Betsie: What question do you get asked more than any other?


That question is, How long does it take you to write a book?  It really does vary and I can write a rough draft faster than I can rewrite a book. But nine months total is a fair answer.




Betsie: What’s the coolest thing a reader has said to you?


A fan told me they were mad when they finished reading The Fox Prince because they liked my characters, Tryffin and Aelfrida, so much they didn’t want the book to ever end.




Betsie: What has been your feedback from readers? What do they say to you about their interpretations of your book?


Here are some direct quotes from readers about my books. These readers are all with book crossing, so I took the quotes from their journal entries. “When I had to put it down I still thought about the characters,” “A very quick read and written very well.” “She makes the people in her books real as she can to make you feel what they feel.” “Characters were compelling” and “Beautiful story, with fleshed out interesting characters.”




Betsie: Do you think that as a writer you are more prone to watching what goes on around you and observing behaviors than most people are?


I watch what goes on around me as if I was watching a move. Writers create characters, places, and stories that imitate life as closely as possible. You only imitate what you love. I find real life and people to be wonderfully entertaining. I love the drama, I love the humor, the action, and all the surprise endings of day-to-day life.  No matter what happens to me or around me, I know if nothing else, I can always put it in an article or a story.




Betsie: Who are some of the authors you consider to be "don't miss"?


There are many. Some are Morgan Llywelyn, Cecelia Holland, Ray Bradbury, Harlan Ellison, J. R. R. Tolkien, J.K. Rowling, Don Coldsmith, Rosemary Edghill, Teresa Mederios, Anya Seton, and Judith Merkle Riley.




Betsie: If one were looking to start his/her own career as a writer, what would you suggest his/her first step to be?


Put the inner editor aside, write, and finish a rough draft. Write the story as it comes out of you, but don’t make any corrections. Just write. When you’re finished learn the craft through books, classes, workshops, any and all ways you can, so you can craft the rough draft into a publishable book. And never give up.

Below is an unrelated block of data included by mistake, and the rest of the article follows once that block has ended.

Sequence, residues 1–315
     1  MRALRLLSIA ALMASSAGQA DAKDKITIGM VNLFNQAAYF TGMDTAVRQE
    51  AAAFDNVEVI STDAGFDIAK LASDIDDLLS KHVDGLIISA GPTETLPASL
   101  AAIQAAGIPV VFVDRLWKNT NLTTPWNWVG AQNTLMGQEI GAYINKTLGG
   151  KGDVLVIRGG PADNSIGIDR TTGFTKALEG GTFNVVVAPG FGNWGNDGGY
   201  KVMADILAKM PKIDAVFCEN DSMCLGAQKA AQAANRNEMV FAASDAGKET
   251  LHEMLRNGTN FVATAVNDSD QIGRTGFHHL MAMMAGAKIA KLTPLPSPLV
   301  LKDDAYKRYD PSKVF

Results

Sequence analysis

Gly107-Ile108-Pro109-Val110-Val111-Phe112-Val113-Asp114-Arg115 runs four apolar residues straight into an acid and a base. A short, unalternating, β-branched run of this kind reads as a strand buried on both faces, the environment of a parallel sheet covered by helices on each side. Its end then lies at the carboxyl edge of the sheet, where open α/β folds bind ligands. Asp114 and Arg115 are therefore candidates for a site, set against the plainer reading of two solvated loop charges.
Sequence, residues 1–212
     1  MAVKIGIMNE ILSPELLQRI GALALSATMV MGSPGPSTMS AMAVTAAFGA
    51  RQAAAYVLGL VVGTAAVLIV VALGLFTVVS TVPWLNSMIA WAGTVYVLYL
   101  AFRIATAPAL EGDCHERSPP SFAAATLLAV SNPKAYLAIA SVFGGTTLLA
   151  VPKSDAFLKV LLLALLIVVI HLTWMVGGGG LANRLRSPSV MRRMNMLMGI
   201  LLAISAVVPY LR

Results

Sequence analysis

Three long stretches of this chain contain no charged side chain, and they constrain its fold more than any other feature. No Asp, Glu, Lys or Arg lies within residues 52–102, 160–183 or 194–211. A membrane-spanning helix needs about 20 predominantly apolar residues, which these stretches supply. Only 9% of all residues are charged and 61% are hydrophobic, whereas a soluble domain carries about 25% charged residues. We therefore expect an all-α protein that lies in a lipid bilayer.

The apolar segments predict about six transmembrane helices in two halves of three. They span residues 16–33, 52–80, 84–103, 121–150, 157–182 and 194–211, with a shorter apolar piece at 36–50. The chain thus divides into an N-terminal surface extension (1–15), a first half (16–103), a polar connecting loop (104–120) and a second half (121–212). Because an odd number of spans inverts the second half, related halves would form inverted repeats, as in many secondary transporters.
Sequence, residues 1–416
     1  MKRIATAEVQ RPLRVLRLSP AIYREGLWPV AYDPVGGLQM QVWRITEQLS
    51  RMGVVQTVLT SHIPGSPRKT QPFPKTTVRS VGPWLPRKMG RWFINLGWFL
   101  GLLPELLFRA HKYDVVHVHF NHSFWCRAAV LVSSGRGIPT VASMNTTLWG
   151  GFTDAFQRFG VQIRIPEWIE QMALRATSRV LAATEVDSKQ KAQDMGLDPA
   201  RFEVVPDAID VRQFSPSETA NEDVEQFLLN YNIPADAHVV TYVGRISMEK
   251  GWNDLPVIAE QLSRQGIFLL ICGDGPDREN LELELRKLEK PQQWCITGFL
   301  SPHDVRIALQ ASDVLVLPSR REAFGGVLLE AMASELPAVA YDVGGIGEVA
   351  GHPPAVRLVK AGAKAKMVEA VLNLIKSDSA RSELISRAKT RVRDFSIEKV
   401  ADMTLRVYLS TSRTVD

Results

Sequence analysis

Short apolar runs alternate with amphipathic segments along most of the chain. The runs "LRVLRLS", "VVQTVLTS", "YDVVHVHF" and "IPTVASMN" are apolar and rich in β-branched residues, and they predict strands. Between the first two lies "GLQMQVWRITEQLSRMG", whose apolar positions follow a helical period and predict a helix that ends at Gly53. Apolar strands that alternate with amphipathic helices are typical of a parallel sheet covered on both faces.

Betsie: What kind of movies do you enjoy?


I love independent films, especially those that deliver social message in an entertaining way. I’m into fantasy, especially magic, so the Lord of the Ring films and the Harry Potter movies top my list. And I love period films, the latest being Troy and the new King Arthur film. I am looking forward to Mel Gibson’s movie about Queen Boudicca as she is my favorite, all time historical character. I am working on something about her.




Betsie: What is your favorite city to visit, but one that you wouldn’t want to live in?


The only one that comes to mind is New York, but It’s not that I wouldn’t want to live there, I just don’t think I can currently afford to live there.




Betsie: What’s the strangest question you’ve ever been asked in an interview?


Someone asked me what it was like to write about the 18th century. But when I told them no my books are set in the dark ages; they were very nice about it. They said, “Oh, I’m way off.” It can be confusing for people who speak to many different writers on a daily basis and I do set my writing in unusual time periods.




Betsie: What’s the best part of being a writer?


You know how each of us, in our daily lives, often find ourselves talking with people, sometimes even answering their questions, but they just look blankly at us or interrupt or walk off. In other words people don’t listen to what you have to say. But in my writing people not only listen to what I have to say, they pay me for it. That’s pretty cool.  Who wouldn’t love that?




Betsie: What's next? 


I’m working on a sequel to The Fox Prince, called The Vixen Princess. It’s Nesta’s story, Tryffin’s sister.  I haven’t received final word yet, but I’m hoping it will be available from Awe-Struck in 2006. Also, I have a short story that will be published in Aribella sometime in 2005.



Betsie's Literary Page has enjoyed learning of this talented author and we hope you did too. Here's to wishing Ms. Amiri great success!